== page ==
Now I’d venture to guess that there will be curmudgeonly drama critics determined to pan Under My Skin because a) it’s not art and b) the genre has been done to death.  To them, this theater reviewer unashamedly responds, get off your high horses and just enjoy the ride. Under My Skin may not be “art,” but it’s an extremely funny, surpringly smart, and delightfully original take on a “done-to-death” genre. And besides, the body-swapping tales listed in Paragraph One were all movies, and when was the last time you saw a body-swapping play? Add to that Under My Skin’s current-as-today’s-headlines look at the greedy money-grubbers who run our nation’s HMOs and you’ve got quite a season opener for the Playhouse.

Marcia Milgrom Dodge, who a year ago directed Cabaret at Reprise—a revival which went on to win thirteen Scenies including Production Of The Year, Musical—now proves herself every bit the comedy whiz that she was directing and choreographing the best Cabaret I’ve ever seen, aided and abetted at the Playhouse by eight of the most talented comedic actors in town.

Artistic director Sheldon Epps couldn’t have hired two finer, funnier leading players for Under My Skin than Cardillo and Walton, neither of whom probably ever imagined themselves cross-dressing for most of a two-hour play. Playwrights Sternin and Fraser give the pair plenty to work with, particularly in scenes which have them discovering sex as seen from the opposite side, as when Cardillo-as-Melody-as-Harrison learns that yes indeed “it” does have a mind of its own or later gives Harrison’s Hitchcock Blonde of a girlfriend the orgasm of a lifetime, since who better than a woman (in a man’s body) to find that spot in the flick of a finger.  As for Walton-as-Harrison-as-Melody, the male chauvinist learns first hand in a very funny bar sequence what it feels like to be nothing more than a piece of meat on display, and the greedy CEO-turned-female HMO patient discovers how it feels when her doctor’s hands are tied by an organization more bent on profits than health.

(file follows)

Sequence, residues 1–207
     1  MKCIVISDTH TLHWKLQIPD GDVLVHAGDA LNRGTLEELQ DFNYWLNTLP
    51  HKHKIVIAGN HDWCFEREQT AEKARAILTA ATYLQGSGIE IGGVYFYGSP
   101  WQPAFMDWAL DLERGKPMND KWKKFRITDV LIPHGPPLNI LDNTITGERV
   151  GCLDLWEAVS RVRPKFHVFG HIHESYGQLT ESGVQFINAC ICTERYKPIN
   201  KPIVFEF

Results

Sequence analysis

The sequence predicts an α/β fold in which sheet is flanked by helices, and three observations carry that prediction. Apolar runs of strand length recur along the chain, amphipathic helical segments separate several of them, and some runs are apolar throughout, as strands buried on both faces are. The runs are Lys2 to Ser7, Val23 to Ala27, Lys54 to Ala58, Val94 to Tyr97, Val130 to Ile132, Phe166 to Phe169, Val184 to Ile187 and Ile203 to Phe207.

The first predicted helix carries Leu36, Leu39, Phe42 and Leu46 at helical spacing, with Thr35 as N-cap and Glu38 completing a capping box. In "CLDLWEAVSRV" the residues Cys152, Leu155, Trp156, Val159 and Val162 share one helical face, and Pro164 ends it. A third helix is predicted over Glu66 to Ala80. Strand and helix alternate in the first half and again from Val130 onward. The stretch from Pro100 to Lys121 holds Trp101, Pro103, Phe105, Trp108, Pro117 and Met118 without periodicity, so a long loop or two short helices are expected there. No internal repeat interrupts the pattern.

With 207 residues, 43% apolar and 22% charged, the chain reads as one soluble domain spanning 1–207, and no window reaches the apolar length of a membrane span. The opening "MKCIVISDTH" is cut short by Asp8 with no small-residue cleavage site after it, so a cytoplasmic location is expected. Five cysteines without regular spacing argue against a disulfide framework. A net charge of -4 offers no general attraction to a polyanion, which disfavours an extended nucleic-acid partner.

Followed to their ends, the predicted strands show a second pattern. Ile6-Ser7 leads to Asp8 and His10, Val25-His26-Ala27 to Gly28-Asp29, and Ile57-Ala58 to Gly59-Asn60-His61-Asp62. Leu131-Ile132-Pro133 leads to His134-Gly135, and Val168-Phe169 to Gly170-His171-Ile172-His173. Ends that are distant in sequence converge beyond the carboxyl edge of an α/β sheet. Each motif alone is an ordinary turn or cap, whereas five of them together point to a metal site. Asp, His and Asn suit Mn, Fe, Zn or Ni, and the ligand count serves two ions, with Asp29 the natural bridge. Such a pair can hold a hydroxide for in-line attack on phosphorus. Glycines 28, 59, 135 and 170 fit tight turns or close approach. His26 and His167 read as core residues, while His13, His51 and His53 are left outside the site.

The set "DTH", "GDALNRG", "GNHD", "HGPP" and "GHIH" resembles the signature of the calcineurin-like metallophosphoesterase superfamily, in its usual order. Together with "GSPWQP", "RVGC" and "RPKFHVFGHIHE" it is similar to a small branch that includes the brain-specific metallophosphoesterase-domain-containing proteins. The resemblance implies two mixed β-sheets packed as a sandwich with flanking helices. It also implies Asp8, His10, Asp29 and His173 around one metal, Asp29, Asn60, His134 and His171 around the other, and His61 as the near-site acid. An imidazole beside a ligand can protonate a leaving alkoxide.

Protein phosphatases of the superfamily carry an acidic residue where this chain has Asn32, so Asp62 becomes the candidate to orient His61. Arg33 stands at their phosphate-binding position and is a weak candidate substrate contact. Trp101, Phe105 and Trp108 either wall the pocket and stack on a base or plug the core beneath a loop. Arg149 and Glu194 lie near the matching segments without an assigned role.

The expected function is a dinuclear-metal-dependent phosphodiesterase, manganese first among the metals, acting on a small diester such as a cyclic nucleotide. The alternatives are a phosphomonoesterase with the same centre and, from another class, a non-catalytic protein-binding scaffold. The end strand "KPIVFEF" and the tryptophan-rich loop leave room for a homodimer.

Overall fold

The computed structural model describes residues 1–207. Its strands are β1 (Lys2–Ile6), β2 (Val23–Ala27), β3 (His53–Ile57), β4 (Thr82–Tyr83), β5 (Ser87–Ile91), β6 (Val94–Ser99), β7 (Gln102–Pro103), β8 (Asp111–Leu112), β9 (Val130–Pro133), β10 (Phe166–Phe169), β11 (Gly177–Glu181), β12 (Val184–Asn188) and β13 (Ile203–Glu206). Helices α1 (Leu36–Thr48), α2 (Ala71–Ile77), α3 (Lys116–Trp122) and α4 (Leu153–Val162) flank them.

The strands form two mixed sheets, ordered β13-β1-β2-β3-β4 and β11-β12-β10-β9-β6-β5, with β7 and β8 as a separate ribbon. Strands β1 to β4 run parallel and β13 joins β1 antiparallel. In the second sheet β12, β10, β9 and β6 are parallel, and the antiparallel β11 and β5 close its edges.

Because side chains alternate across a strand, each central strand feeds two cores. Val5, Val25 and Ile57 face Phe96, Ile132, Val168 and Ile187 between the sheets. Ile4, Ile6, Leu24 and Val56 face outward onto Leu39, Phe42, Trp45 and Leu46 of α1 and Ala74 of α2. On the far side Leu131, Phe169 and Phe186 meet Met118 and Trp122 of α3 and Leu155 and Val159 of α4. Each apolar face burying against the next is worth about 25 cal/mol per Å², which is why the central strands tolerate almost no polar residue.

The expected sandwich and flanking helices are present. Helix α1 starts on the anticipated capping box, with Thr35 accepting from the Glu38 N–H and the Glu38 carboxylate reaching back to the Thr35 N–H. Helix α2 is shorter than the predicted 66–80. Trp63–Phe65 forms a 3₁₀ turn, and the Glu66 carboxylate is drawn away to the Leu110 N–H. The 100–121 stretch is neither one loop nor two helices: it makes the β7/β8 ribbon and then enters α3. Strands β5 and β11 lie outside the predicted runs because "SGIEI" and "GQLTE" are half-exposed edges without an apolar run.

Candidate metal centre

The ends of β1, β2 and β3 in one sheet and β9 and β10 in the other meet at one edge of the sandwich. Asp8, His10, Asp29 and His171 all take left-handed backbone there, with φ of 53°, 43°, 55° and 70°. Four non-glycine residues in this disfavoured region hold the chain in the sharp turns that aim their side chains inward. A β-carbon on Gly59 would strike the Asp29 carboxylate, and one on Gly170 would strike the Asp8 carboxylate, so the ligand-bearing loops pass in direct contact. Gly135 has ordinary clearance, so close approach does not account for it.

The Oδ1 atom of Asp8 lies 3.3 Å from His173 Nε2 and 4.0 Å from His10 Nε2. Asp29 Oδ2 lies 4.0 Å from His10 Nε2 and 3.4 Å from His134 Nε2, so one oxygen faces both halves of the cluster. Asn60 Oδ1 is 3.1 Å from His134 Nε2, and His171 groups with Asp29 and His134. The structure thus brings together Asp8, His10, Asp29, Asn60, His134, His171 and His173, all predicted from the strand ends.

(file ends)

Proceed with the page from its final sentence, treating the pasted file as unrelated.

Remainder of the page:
Linden proves that even at 81 he hasn’t lost an iota of the comedic chops that helped make Barney Miller an eight-season smash. Soibelman, in the fifth role I’ve reviewed her in,  enters her teens quite splendidly with a deliciously tart turn on the once perfect daughter turned mean girl the second she crossed over from twelve to thirteen. As for Cason, the Broadway vet makes the most of her every divalicious moment as an Angel with attitude.

 Bagley and Magrath may have the funnest assignments of all, Sternin and Fraser’s script letting them strut their stuff (and versatility) playing assorted doctors, nurses, TV anchors, interns, and more. Bagley is especially funny as a wannabe “player” who attempts to chat up “Melody” in a bar and as the gynecologist who gives “her” the pelvic examination of a man’s life. As for multiple Scenie-winner Magrath, just as Desire Under The Elms proved she could be as seductive a stunner as the vampiest vamp, Under My Skin reveals a comedienne to be reckoned with, whether in hilariously vapid anchorwoman mode or even more deliciously as Harrison’s ice goddess girlfriend Victoria.

 Finally, there’s bouncy, bubbly, ball-of-fire Sikora, stealing scenes left (boob) and right (boob) as Nannette, Melody’s long-legged, big-chested, huge-hearted best friend, a comic tornado of a performance that is the best of a whole bunch of reasons not to miss Under My Skin.

 Still another reason to catch Under My Skin is its sensational production design, created by some of our most prolific and prodigious talents, including John Iacovelli, Kate Bergh, and Jared A. Sayeg, recent Scenie winners as (respectively) Scenic, Costume, and Lighting Designers Of The Year. Iacovelli’s Mondrian-inspired squares-and-rectangles set does magical things, expanding to show us Harrison’s deluxe apartment in the sky with a magnificent, panoramic view of Manhattan, or contracts to take us to Melody’s considerably more modest kitchen, and assorted places in between. Bergh’s costumes not only reveal the designer’s understanding of each character, but feature dresses for Walton and suits for Cardillo that Bergh probably never expected to be creating back in design school. Sayeg’s lighting design is as always a dazzler, while veteran designer Philip G. Allen has created a terrifically varied sound palette to back up the action.

Casting is by Michael Donovan, CSA. Nate Genung is production stage manager, Jill Gold stage manager, Joe Witt production manager, Brad Enlow technical director, and Kristen Hammack company manager.

It’s been a good long while since I’ve laughed as much inside the Pasadena Playhouse as I did watching Under My Skin. Yes, I may fit the production’s target audience to a T, sucker that I am for you know what, but even those at last night’s opening who may not have seen even one of the dozen movies cited back at the start of this review seemed to be enjoying themselves every bit as much as I was. Simply put, there’s no better way in town to forget your troubles and just be happy than Under My Skin.

Pasadena Playhouse, 39 South El Molino Ave., Pasadena.

–Steven Stanley
September 19, 2012
Photos: Jim Cox